When a candidate who misquotes the Bible and brags about infidelity is winning among Evangelicals, is it time to stop talking about the faith vote? This week on State of Belief, Interfaith Alliance’s radio show and podcast, our host Rev. Welton Gaddy talks with journalist Sarah Posner about the Donald Trump and the Evangelicals. We’ll discuss “the sin of certainty” a fascinating idea from Professor Peter Enns. And we’ll get an update on the latest work to make the Methodist Church more inclusive from the head of the Reconciling Ministries Network.
Reconciling Ministries: Field Notes from the United Methodist Church General Conference
There’s a give and take between our nation’s laws and our communities’ religious beliefs in the long struggle for LGBT equality. Over the last several years many religious denominations have been moved to change their policies on same-sex marriage and LGBT inclusion in religious leadership – sometimes faster than the rate of secular change, sometimes slower. The latest flashpoint in this process is the United Methodist Church General Conference where activist groups including the Reconciling Ministries Network – and more than a hundred clergy who came out publicly, at great risk – are pressuring the Church to change its approach to LGBT equality. We’ll hear from Matt Berryman, Executive Director of Reconciling Ministries.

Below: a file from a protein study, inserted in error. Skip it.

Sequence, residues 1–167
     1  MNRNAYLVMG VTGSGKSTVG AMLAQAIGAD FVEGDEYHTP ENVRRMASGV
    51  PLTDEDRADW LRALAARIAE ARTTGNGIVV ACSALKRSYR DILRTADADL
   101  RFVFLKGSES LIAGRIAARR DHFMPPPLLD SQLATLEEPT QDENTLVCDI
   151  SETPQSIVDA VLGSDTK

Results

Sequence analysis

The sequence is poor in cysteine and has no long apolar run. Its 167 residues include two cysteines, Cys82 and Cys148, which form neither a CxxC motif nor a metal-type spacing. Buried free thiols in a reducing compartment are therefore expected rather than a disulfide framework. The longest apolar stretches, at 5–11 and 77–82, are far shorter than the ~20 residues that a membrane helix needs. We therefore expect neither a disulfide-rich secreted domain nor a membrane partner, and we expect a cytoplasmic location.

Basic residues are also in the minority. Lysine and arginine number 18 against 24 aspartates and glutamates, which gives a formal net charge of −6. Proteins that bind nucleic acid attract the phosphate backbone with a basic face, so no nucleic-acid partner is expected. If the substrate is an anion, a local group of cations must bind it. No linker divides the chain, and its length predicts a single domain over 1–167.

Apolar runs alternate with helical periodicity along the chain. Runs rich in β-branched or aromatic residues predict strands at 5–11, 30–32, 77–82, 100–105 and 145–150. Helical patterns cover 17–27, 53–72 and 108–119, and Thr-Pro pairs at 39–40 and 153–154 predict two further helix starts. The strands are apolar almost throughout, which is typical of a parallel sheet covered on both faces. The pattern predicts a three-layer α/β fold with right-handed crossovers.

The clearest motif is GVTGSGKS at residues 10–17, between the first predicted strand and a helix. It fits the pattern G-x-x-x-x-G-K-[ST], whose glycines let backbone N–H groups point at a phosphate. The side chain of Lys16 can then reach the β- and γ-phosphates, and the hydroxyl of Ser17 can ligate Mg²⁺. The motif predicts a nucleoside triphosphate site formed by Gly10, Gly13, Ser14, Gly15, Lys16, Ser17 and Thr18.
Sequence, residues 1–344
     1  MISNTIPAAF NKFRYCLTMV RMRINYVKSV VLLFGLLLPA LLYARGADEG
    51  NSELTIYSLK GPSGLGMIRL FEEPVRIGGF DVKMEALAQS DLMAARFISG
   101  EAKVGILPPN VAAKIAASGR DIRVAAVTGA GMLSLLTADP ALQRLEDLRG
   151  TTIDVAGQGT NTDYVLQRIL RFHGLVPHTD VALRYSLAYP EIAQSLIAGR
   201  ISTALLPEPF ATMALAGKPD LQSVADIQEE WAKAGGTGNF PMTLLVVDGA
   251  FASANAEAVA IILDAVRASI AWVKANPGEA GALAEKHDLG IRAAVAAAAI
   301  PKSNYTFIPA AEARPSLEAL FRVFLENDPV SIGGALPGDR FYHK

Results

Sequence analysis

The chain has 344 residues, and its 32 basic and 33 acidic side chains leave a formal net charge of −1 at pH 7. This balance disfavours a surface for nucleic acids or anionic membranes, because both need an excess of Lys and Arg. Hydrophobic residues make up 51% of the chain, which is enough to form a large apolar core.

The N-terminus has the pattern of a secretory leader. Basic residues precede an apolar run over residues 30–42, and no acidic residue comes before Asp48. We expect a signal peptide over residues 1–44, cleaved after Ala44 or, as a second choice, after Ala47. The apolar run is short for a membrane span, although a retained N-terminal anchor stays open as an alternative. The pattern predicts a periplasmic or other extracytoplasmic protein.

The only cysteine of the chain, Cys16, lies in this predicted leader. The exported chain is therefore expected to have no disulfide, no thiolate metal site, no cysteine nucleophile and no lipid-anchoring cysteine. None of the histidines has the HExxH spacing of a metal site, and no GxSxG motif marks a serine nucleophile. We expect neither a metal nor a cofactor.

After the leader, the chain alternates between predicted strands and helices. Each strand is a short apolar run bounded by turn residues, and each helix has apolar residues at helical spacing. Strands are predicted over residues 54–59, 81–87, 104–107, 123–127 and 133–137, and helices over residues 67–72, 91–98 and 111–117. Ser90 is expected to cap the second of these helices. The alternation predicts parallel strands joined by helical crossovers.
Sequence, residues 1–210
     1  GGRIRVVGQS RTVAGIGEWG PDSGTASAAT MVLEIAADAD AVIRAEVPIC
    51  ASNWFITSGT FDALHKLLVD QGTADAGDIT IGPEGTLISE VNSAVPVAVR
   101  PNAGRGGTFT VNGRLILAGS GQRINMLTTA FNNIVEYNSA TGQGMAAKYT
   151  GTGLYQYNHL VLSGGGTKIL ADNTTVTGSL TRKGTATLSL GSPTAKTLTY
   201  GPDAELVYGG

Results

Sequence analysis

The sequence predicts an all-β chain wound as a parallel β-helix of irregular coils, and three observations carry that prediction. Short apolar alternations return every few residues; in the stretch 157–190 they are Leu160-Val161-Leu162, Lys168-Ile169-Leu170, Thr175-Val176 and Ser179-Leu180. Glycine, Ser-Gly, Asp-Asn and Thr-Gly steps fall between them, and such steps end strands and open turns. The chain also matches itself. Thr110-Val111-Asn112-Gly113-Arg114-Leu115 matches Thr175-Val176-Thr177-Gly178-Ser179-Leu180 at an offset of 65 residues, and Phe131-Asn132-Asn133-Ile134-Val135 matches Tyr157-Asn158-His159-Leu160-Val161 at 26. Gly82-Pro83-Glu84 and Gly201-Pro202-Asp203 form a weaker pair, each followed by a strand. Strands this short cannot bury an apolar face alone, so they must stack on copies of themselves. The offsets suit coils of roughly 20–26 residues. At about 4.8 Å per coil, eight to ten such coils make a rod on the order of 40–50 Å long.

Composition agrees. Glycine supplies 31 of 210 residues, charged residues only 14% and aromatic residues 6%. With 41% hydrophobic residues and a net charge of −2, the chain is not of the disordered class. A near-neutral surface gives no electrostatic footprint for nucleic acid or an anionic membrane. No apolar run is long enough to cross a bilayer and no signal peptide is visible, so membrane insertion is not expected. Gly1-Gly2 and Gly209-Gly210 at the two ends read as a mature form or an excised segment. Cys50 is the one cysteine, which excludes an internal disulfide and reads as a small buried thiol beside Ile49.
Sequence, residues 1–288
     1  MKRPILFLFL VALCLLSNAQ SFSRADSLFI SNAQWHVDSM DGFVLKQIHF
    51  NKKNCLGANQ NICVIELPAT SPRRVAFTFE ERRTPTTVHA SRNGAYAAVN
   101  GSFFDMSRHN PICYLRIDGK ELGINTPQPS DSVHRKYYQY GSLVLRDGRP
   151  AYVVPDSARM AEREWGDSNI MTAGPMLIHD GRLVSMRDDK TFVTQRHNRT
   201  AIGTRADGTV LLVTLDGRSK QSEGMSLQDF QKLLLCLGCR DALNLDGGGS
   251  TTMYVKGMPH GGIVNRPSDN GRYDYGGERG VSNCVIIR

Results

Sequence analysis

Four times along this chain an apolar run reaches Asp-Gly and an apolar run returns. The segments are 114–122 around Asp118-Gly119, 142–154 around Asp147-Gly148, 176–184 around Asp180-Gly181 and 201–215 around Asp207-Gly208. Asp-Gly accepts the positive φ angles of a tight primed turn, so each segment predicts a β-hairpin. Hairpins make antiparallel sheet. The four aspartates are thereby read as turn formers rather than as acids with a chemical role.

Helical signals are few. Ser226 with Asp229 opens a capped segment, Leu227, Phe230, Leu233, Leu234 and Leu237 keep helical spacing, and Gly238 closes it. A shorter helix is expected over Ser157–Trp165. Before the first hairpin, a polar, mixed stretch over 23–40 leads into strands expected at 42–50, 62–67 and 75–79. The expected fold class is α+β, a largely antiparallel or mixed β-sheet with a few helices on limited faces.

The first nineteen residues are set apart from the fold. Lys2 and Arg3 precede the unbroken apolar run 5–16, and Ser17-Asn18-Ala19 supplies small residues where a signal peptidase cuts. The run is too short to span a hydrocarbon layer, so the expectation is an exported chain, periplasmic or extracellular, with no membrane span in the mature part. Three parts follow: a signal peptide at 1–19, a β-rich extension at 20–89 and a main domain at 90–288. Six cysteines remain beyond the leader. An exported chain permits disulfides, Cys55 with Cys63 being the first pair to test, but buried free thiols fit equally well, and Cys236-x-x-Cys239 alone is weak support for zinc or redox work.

The Sin of Certainty
Call it a rise of fundamentalism, call it a collapse of the center, but something is definitely going on in the religious and political world these days. Professor Peter Enns is out with a new book that outlines what he thinks is at the core of what we’re seeing – The Sin of Certainty: Why God Desires Our Trust More Than Our “Correct” Beliefs. Professor Enns will join Welton this week to discuss his book, and why he contends that a need for certainty can get in the way of the struggle that’s often needed for religious maturity.
Evangelicals and the Bombastic Billionaire
For those of us who get a certain sense of schadenfreude watching the politicians and the mainstream media try to understand religious voters, nothing has been more entertaining than the handwringing about Evangelical Christians supporting Donald Trump. But Sarah Posner is that rare journalist who has been able to cover the issue with the depth of knowledge and respect for religion and religious freedom necessary to make sense of how Evangelicals have responded to The Donald. We bring her back to discuss her latest writing on the matter and what she sees changing as Trump becomes the presumptive Republican nominee.